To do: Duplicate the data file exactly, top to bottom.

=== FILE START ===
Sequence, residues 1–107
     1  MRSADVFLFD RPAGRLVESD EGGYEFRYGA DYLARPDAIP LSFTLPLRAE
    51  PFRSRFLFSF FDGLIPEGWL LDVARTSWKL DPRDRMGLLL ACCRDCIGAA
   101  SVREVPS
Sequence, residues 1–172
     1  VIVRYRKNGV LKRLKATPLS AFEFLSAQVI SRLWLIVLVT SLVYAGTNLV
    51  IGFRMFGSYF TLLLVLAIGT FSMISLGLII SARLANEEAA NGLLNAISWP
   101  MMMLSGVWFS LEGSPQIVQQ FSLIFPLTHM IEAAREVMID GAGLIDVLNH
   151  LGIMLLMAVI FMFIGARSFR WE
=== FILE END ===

Sequence, residues 1–107
     1  MRSADVFLFD RPAGRLVESD EGGYEFRYGA DYLARPDAIP LSFTLPLRAE
    51  PFRSRFLFSF FDGLIPEGWL LDVARTSWKL DPRDRMGLLL ACCRDCIGAA
   101  SVREVPS
Sequence, residues 1–172
     1  VIVRYRKNGV LKRLKATPLS AFEFLSAQVI SRLWLIVLVT SLVYAGTNLV
    51  IGFRMFGSYF TLLLVLAIGT FSMISLGLII SARLANEEAA NGLLNAISWP
   101  MMMLSGVWFS LEGSPQIVQQ FSLIFPLTHM IEAAREVMID GAGLIDVLNH
   151  LGIMLLMAVI FMFIGARSFR WE